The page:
PROVIDENCE, RI —“The Inheritance, Part 2” continues the racy, poignant saga of a group of gay men in New York City.
The first part of the story featured the break-up of Eric Glass (Jack Dwyer) and Toby Darling (Taavon Gamble). In the second half, both men’s lives take drastically different paths.
Eric falls in love with Henry (an excellent Mauro Hantman), a Republican billionaire, and moves into Henry’s mansion. They soon make plans to marry. We learn Henry has some emotional baggage which threatens the relationship.
Meanwhile, Toby, still reeling from the end of his relationship with Eric, wallows in hedonistic excess on Fire Island. He uses lots of drugs and engages in promiscuous sex.
Toby’s play, based on his book, finally debuts. Toby disrupts the opening night performance by throwing a tantrum and walking out after showing contempt for his own work.
Playwright Matthew Lopez set out to present a theatrical version of a novel. In this case, it’s EM Forster’s “Howard’s End.”
The characters take turns narrating the story and the settings alternate between posh apartments and lavish country estates to the harsh streets of the city.
Once again, Dwyer and Gamble deliver passionate performances. Eric is the idealist who wants to help the less fortunate in society, while Toby sinks into self-loathing and seems destined to destroy himself. Toby’s mental disintegration is wrenching to witness.
Chingwe Padraig Sullivan is a standout in dual roles: Adam, the stage actor whose career is blossoming, and Leo, the male sex worker who is in love with Toby. Leo is later taken in by Eric after getting infected with HIV.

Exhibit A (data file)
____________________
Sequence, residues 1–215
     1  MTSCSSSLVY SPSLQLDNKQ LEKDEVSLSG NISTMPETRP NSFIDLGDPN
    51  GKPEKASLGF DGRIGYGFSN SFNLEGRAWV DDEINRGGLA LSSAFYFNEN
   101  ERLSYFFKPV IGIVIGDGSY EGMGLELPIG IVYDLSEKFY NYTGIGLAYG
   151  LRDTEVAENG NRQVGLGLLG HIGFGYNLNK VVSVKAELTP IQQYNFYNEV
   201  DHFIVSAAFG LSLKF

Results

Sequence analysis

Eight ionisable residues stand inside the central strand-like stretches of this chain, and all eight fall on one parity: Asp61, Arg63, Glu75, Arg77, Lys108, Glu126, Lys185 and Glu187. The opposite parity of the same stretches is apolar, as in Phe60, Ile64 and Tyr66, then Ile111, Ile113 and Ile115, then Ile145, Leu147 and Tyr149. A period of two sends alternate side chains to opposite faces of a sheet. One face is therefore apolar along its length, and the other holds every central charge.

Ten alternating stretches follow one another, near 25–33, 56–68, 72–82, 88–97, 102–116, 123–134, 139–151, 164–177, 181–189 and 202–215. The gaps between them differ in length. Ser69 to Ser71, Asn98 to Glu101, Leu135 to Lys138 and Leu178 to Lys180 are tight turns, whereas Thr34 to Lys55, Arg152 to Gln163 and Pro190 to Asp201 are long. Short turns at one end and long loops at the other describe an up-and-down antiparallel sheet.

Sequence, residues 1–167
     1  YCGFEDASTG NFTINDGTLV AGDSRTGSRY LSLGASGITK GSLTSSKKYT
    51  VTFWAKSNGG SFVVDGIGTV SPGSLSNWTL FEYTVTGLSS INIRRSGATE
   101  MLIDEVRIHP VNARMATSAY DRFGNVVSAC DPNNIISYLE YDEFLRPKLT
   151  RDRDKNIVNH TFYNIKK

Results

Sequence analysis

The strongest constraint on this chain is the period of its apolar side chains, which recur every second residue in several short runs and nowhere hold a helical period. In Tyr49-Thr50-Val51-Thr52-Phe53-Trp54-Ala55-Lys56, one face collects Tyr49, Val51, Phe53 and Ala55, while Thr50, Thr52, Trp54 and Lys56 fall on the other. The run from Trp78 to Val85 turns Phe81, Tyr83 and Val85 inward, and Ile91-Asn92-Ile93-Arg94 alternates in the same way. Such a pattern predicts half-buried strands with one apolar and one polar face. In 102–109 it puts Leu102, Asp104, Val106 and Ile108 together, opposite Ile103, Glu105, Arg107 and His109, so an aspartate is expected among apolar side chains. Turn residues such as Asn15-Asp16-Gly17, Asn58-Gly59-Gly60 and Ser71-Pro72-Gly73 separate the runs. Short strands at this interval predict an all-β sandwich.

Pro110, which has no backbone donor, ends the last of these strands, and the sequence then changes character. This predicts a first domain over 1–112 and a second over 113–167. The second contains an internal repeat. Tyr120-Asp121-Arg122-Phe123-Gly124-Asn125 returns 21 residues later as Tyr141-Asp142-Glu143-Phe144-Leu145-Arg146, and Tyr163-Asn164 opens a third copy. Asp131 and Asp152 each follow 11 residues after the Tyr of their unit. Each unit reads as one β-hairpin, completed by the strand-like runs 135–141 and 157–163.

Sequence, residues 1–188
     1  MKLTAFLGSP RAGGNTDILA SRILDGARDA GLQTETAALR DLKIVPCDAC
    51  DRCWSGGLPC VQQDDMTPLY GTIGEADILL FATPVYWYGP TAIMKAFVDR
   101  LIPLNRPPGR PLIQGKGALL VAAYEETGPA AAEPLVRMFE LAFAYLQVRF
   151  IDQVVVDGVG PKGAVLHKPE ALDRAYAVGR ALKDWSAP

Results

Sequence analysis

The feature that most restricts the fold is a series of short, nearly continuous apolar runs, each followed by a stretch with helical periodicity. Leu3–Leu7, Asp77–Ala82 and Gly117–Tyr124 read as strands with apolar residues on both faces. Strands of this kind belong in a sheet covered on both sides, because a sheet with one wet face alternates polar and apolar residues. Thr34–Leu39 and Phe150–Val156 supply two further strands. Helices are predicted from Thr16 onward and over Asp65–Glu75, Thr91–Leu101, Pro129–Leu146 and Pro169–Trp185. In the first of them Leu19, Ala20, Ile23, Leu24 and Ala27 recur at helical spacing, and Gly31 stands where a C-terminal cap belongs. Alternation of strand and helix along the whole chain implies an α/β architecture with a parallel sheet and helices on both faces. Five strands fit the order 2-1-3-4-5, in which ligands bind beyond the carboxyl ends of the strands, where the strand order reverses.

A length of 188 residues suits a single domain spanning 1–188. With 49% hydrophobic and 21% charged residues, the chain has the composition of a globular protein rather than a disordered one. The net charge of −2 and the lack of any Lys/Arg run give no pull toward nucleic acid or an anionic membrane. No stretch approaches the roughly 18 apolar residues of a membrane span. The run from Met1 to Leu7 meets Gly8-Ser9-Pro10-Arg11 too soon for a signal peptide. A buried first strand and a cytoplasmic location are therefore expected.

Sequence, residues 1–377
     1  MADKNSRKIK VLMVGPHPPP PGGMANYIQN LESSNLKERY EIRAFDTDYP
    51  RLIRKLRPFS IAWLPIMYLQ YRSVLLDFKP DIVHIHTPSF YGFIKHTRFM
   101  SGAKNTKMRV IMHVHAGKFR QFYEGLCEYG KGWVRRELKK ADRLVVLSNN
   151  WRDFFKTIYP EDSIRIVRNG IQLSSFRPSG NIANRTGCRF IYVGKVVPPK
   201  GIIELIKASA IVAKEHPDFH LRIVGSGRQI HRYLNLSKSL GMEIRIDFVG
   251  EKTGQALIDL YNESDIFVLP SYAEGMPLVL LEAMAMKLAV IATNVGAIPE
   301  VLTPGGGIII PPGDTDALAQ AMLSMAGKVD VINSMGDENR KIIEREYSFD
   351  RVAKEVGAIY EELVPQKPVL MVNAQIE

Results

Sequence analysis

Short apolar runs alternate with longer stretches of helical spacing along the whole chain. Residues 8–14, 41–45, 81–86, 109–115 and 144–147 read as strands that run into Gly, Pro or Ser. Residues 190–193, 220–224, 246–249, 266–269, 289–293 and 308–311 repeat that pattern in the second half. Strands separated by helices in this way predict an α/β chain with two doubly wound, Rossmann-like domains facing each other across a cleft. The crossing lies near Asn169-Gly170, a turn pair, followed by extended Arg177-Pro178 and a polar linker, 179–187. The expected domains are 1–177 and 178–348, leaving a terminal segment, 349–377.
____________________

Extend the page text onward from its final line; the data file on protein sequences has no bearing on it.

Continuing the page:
Jackie Davis (“Fairview”) has a show-stopping monologue as Margaret, a woman mourning the death of her young son to AIDS. Margaret also dissects the homophobia which was rampant in the 1980s.
There’s a fascinating scene early on, when Eric’s friends are horrified to learn that Henry is not only a Republican, but that he actually donated to the party’s 2016 candidate for president. The men have a spirited discussion about drug treatments for AIDS. Henry marvels about the advances in science in combating the disease, while Jasper (David Mattar Merten) is enraged at the years of inaction from the Reagan administration in addressing the epidemic.
The sense of alienation and despair experienced by minorities during the previous presidential administration is also laid bare.
Tristan (Tobias Wilson), who reveals he is HIV positive, informs Eric of his plans to move to Canada. Eric pleads with him to stay, noting America needs him. The scene is very well-played by Wilson, making his Trinity Rep. debut.
As with Part One, director Joe Wilson, Jr. beautifully stages the action.
The set design by Michael McGarty and James Horban’s lighting are also effective in highlighting the torment in these men’s lives.
“The Inheritance, Part 2” is filled with plenty of humor and heart throughout its 3 hour run time. It’s a long road but the payoff is worth the trip.
The Inheritance, Part 1 runs through November 5. Part 2 runs from Sept. 22 through Nov. 6. Trinity Repertory Company. 201 Washington Street, Providence. For tickets, call 401-351-4242 or visit www.trinityrep.com.
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